The study has previously received positive scientific advice from the European Medicines Agency (EMA).

Pseudomonas aeruginosa is a nosocomial pathogen accounting for around 10% of all hospital acquired infections, second only to Staphylococcus aureus. In particular, in intensive care patients, severe burns patients, cancer and transplant patients, who are immunosuppressed, Pseudomonas aeruginosa causes the most severe and life threatening infections with a mortality rate of approximately 50%. Currently no vaccine exists to prevent the occurrence of the disease, which ascribes a significant market potential to a potential new product. The Pseudomonas aeruginosa program is part of a Strategic Alliance Agreement with Novartis Vaccines and Diagnostics, who is also co-financing the current Phase II/III pivotal efficacy trial.

Valneva will give an update to its share- and stakeholders (including holders of preferred shares, the value of which is exclusively linked to the Pseudomonas vaccine) on next steps, impacts on its R&D strategy and other business implications in due course.

About Valneva SE
Valneva is a new European biotech company focused on vaccine development and antibody discovery. It was created in 2013 through the merger between Intercell AG and Vivalis SA. Valneva’s mission is to excel in both antibody discovery, and vaccine development and commercialization, either through inhouse programs or in collaboration with industrial partners using innovative technologies developed by the company. Valneva generates diversified revenue from both its marketed product, a vaccine for the prevention of Japanese encephalitis (IXIARO ® ), commercial partnerships around a portfolio of product candidates (in-house and partnered), and licensed technology platforms (EB66 ® cell line, VIVA|ScreenTM antibody discovery technology, and the IC31® adjuvant) developed by Valneva that are becoming widely adopted by the biopharmaceutical industry worldwide. Headquarted in Lyon, France, the company employs approximately 350 people in France, Austria, Scotland, the United States, and Japan. The internationally experienced management team has a proven track-record across research, development, manufacturing, and commercialization.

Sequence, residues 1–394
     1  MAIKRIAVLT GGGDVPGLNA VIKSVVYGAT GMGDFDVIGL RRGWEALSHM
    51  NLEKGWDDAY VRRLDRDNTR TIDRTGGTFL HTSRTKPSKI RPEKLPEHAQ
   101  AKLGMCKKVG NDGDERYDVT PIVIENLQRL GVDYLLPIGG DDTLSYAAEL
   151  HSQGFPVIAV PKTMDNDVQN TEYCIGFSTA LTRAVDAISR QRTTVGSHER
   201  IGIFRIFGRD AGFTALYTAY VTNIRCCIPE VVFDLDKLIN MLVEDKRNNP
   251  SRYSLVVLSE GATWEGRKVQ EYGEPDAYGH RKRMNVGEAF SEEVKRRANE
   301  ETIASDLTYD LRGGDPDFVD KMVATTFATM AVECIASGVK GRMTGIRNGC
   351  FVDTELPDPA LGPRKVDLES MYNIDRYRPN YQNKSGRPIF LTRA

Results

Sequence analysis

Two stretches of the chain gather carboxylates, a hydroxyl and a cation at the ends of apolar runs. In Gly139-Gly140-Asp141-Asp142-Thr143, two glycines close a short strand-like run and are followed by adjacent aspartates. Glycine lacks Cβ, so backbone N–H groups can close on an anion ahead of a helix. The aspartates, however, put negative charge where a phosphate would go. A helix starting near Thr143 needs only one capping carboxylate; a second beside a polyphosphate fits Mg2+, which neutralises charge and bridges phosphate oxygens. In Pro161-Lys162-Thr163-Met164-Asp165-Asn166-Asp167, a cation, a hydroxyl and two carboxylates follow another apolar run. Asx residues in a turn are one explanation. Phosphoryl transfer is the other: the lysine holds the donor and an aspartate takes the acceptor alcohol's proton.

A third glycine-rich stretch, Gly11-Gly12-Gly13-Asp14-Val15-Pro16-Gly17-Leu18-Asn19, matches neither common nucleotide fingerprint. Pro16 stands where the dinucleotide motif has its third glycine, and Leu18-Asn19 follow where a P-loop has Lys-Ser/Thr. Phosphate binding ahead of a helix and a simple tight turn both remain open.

Pseudomonas aeruginosa is one of the leading causes of nosocomial infections, which are infections that patients acquire during the course of receiving treatment for other conditions.
Nosocomial infections are becoming more and more a prominent problem as patients admitted to hospitals are on the average older, multimorbid, may have reduced immunocompetence and are increasingly compromised by antibiotic resistant bacteria circulating in hospitals across the world. Of the 2 million nosocomial infections in the U.S. alone per year, 10% are caused by Pseudomonas aeruginosa. The bacterium is the number 1 cause of ventilator-associated pneumonia, the number 2 cause of hospital-acquired pneumonia and the number 4 cause of surgical site infections.
In particular in intensive care patients, severe burns patients, cancer and transplant patients who are immunosuppressed, Pseudomonas aeruginosa causes the most severe and life threatening infections with a mortality rate of approximately 50%.
Infections caused by Pseudomonas aeruginosa are often difficult to treat because of the increasing antibiotic resistance of these bacteria indicating the high medical need for additional treatments or preventive measures.
Currently, there is no vaccine against Pseudomonas aeruginosa available.

Forward-Looking Statements